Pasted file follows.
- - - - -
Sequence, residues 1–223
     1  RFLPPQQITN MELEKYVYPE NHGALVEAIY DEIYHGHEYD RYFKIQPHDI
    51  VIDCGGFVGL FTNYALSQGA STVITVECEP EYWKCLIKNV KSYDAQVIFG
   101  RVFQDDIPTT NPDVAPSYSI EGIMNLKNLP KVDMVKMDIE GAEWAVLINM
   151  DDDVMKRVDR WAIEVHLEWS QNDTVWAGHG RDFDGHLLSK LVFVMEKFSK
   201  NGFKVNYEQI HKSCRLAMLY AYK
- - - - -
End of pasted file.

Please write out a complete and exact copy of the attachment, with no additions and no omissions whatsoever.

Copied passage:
Sequence, residues 1–223
     1  RFLPPQQITN MELEKYVYPE NHGALVEAIY DEIYHGHEYD RYFKIQPHDI
    51  VIDCGGFVGL FTNYALSQGA STVITVECEP EYWKCLIKNV KSYDAQVIFG
   101  RVFQDDIPTT NPDVAPSYSI EGIMNLKNLP KVDMVKMDIE GAEWAVLINM
   151  DDDVMKRVDR WAIEVHLEWS QNDTVWAGHG RDFDGHLLSK LVFVMEKFSK
   201  NGFKVNYEQI HKSCRLAMLY AYK